To improve the Drupal evaluation process, we've proposed the following initiatives:
|Initiative||Issue link||Stakeholders||Initiative coordinator||Status|
|Better discovery experience on Drupal.org||Drupal.org roadmap||Drupal Association||hestenet||Under active development|
|Better "getting started" documentation||#2956879||Documentation Working Group||grasmash||In planning|
|More modern administration experience||#2957457||Core contributors||ckrina and yoroy||Under active development|
To become involved with one of these initiatives, click on its "Issue link" in the table above. This will take you to Drupal.org, where you can contribute by sharing your ideas or lending your expertise to move an initiative forward.
Goal 2: Improve the content creator experience
Throughout the interview process, it became clear that ease of use is a feature now expected of all technology. For Drupal, this means improving the content creator experience through a modern administration user interface, drag-and-drop media management and page building, and improved site preview functionality.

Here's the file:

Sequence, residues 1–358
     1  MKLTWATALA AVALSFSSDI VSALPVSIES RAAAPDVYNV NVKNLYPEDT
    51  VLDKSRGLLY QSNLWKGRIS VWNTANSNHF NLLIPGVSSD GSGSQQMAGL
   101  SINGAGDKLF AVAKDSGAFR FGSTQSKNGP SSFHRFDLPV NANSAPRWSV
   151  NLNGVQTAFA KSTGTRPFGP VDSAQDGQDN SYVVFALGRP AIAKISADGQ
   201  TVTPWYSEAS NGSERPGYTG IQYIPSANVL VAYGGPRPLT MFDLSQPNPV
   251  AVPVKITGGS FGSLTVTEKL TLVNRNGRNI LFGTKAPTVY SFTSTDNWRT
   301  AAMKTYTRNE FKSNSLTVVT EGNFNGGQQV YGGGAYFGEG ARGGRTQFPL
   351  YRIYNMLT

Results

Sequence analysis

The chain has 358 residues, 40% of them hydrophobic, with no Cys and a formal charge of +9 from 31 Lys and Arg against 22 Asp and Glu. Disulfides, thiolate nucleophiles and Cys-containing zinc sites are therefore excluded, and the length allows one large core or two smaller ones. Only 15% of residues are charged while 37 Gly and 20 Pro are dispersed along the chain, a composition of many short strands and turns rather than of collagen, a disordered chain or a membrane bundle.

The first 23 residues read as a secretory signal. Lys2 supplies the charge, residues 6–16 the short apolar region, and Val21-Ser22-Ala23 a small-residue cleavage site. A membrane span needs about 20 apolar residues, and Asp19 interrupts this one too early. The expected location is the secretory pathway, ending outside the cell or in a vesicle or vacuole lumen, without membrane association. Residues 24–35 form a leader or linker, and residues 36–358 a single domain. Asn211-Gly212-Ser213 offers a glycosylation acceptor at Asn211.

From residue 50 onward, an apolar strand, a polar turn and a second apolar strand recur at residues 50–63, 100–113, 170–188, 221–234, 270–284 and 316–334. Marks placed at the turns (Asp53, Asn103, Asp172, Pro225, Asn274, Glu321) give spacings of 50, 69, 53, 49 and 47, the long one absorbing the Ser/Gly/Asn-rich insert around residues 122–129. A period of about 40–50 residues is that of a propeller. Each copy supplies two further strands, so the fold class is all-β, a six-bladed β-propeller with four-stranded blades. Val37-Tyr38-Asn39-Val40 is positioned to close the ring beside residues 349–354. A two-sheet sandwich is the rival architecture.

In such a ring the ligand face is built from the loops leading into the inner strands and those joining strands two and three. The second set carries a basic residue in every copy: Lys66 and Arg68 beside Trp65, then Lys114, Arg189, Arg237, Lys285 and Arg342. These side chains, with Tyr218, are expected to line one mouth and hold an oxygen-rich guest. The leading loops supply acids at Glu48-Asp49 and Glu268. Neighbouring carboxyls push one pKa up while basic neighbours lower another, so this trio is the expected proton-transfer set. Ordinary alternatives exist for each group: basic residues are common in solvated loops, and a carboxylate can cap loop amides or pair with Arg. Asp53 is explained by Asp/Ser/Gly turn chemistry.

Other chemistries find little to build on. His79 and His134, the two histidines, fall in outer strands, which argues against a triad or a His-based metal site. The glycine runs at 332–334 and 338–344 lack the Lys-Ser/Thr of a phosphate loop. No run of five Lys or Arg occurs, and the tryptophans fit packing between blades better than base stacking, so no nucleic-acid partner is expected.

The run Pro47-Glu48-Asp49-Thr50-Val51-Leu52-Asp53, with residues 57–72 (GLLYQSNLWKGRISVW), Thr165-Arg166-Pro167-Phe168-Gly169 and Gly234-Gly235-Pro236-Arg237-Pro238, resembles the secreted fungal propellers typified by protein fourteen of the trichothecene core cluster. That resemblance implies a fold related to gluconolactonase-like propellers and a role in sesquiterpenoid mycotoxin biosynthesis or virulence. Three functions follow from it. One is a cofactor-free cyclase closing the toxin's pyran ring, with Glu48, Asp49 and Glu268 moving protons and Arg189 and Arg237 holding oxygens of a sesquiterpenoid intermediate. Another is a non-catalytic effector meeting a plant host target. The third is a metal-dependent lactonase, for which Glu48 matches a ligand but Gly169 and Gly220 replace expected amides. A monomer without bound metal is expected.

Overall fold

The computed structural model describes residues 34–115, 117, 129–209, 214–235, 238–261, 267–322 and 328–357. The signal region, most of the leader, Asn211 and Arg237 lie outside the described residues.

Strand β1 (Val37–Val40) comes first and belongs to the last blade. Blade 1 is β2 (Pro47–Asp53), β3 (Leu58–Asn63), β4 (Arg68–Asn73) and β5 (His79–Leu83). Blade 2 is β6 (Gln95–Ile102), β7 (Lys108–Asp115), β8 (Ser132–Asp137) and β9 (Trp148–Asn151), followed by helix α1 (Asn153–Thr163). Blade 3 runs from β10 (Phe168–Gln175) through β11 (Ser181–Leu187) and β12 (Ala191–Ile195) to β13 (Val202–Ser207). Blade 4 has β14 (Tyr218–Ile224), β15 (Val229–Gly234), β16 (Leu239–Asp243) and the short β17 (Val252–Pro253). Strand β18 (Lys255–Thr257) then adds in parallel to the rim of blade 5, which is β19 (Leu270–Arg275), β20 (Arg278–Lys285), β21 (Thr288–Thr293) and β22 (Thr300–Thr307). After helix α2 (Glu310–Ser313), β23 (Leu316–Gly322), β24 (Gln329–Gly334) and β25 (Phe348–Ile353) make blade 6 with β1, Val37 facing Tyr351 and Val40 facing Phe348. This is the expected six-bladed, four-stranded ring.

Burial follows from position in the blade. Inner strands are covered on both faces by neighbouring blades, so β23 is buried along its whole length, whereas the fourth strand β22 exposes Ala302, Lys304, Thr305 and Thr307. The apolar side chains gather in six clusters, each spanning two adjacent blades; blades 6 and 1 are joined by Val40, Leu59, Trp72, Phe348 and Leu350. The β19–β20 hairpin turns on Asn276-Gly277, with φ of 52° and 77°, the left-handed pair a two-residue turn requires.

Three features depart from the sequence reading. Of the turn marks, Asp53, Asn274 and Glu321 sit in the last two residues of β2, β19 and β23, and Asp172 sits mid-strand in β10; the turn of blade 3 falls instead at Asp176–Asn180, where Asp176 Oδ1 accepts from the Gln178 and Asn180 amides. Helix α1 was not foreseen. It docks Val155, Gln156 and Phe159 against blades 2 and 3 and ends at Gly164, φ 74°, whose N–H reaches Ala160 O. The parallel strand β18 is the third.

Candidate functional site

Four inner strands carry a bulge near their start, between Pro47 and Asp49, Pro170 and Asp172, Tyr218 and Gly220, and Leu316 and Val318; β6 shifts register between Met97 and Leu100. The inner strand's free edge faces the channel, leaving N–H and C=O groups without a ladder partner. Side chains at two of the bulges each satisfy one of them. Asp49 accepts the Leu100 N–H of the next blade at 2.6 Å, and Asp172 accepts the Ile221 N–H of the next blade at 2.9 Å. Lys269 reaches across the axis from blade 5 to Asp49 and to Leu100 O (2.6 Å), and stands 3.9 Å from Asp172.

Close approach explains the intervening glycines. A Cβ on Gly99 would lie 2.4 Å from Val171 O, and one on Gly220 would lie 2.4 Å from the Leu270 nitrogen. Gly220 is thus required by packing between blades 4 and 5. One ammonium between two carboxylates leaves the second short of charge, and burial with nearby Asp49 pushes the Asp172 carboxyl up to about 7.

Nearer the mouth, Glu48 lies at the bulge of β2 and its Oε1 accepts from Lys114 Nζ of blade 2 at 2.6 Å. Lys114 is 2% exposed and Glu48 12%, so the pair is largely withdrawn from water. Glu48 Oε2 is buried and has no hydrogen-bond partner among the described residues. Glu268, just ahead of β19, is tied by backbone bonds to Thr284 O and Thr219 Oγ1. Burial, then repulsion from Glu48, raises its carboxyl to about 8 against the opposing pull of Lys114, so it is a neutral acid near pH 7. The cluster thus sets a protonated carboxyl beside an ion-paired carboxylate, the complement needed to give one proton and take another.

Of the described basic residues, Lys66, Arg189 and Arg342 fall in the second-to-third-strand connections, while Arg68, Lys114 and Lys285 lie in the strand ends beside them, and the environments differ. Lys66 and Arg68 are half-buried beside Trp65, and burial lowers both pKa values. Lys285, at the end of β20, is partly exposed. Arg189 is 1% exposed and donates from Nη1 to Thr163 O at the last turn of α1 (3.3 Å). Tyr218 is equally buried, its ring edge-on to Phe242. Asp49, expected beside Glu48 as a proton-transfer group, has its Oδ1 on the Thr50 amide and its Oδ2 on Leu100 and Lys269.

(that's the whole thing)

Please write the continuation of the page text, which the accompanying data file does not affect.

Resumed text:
Most of these initiative teams meet weekly on Drupal Slack (see the meetings calendar), which gives community members an opportunity to meet team members, receive information on current goals and priorities, and volunteer to contribute code, testing, design, communications, and more.
Goal 3: Improve the site builder experience
Our research also showed that to improve the site builder experience, we should focus on improving the three following areas:
- The configuration management capabilities in core need to support more common use cases out-of-the-box.
- Composer and Drupal core should be better integrated to empower site builders to manage dependencies and keep Drupal sites up-to-date.
- We should provide a longer grace period between required core updates so development teams have more time to prepare, test, and upgrade their Drupal sites after each new minor Drupal release.
We plan to make all of these aspects easier for site builders through the following initiatives:
|Initiative||Issue link||Stakeholders||Initiative coordinator||Status|
|Composer & Core||#2958021||Core contributors + Drupal Association||Coordinator needed!||Proposed|
|Config Management 2.0||#2957423||Core contributors||Coordinator needed!||Proposed|
|Security LTS||2909665||Core committers + Drupal Security Team + Drupal Association||Core committers and Security team||Proposed, under discussion|
Goal 4: Promote Drupal to non-technical decision makers